THE Philippines and South Korea may sign their first multiyear financing arrangement at the sidelines of the Asean meeting happening in Manila this month, according to the National Economic and Development Authority (Neda).
In an interview with the BusinessMirror, Neda Undersecretary Rolando G. Tungpalan said the multiyear financing arrangement will cover the entire duration of the President’s term, or until 2022.
Tungpalan said Seoul is keen on financing agriculture-related projects, as well as some flagship infrastructure projects of the Duterte administration.
“It’s a work in progress. We’re looking at big-ticket projects. But we are still discussing the list as of the moment,” Tungpalan said.
“South Korea wants to help in the areas of agriculture, rural development, ICT [information and communications technology], and they also want to come in infrastructure where they would want to be ‘in the league’ of [major partners],” he added.
Tungpalan said the initial list of projects to be financed by the Korean government in the next five years include two flagship projects, specifically the P9.2 billion worth New Cebu International Container Port and the P4.86-billion Panguil Bay Bridge Project.
The Neda executive said the list could include Korean-funded projects, such as the Jalaur River Multi-Purpose Project, Stage II, which is the biggest Korean-funded project in the country.
The Jalaur project was part of the $335.78 million extended to the Philippines by Seoul between 2011 and 2013.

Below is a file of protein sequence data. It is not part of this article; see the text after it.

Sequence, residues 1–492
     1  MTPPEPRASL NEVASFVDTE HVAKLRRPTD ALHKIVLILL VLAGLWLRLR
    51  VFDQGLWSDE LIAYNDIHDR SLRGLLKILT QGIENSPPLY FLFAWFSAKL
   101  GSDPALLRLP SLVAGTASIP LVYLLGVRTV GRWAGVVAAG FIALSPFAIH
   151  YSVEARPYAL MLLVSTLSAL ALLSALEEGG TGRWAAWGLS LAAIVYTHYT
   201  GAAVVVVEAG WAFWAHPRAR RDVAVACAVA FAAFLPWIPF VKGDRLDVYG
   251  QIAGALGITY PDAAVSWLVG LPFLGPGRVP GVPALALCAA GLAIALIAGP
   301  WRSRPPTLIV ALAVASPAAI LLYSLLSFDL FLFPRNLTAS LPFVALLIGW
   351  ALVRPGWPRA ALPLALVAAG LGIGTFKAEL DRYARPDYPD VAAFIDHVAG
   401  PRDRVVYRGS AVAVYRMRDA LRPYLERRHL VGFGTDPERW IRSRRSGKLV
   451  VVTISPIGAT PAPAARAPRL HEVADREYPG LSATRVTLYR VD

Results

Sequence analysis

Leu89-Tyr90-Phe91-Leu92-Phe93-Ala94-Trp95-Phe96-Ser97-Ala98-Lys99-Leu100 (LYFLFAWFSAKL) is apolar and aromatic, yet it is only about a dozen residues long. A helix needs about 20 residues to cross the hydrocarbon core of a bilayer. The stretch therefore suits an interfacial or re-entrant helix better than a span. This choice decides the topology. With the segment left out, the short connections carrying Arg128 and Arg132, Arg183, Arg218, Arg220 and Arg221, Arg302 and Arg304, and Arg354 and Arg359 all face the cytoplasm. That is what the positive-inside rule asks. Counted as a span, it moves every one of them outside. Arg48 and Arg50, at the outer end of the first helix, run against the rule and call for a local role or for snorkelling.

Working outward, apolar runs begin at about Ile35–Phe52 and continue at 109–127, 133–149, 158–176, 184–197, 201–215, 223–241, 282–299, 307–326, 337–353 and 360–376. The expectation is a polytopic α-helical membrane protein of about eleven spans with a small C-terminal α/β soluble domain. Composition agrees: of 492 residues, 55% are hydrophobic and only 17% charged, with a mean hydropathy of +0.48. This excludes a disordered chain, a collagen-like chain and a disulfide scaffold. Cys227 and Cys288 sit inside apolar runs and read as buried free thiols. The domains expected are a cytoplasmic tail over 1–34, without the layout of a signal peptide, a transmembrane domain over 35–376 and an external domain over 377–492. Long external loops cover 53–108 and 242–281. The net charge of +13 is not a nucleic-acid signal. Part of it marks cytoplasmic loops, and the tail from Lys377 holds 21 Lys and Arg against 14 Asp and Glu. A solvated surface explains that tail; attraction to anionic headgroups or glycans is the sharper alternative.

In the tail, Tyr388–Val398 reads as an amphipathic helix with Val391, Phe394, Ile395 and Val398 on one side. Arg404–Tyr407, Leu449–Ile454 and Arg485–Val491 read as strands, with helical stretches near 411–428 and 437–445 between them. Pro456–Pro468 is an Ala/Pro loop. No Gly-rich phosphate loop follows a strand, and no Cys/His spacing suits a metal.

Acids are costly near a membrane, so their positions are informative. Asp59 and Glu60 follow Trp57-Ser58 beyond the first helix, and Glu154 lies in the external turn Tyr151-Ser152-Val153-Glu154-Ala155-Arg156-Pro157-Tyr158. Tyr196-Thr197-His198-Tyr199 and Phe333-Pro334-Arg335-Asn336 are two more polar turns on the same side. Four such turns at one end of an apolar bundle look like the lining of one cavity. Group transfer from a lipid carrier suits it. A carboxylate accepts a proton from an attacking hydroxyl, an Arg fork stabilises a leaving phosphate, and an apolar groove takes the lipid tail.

Apart from financing certain projects, the government of South Korea also made available a $500-million credit line to the Philippines under the Economic Development Cooperation Fund between 2014 and 2017.
However, it is only under this administration when the two governments agreed to craft a six-year framework which will allow the Philippines to tap $100 million in concessional loans.
In June, the Neda said in a statement that the Export-Import Bank of Korea (Kexim) met
with select agencies of the Philippine government to discuss possible projects that may form part of the Kexim pipeline in the medium term.
Aside from concessional loans, the Kexim is also offering its support through its knowledge- sharing program facility, a knowledge-driven economic-cooperation program that will enable Korea to share its successes and failures and propose applicable policy recommendations.
Kexim also expressed willingness to assist in the Philippines’s pre-investment activities, including project preparation, and feasibility studies and plans formulation, through the Bank’s project preparation facility.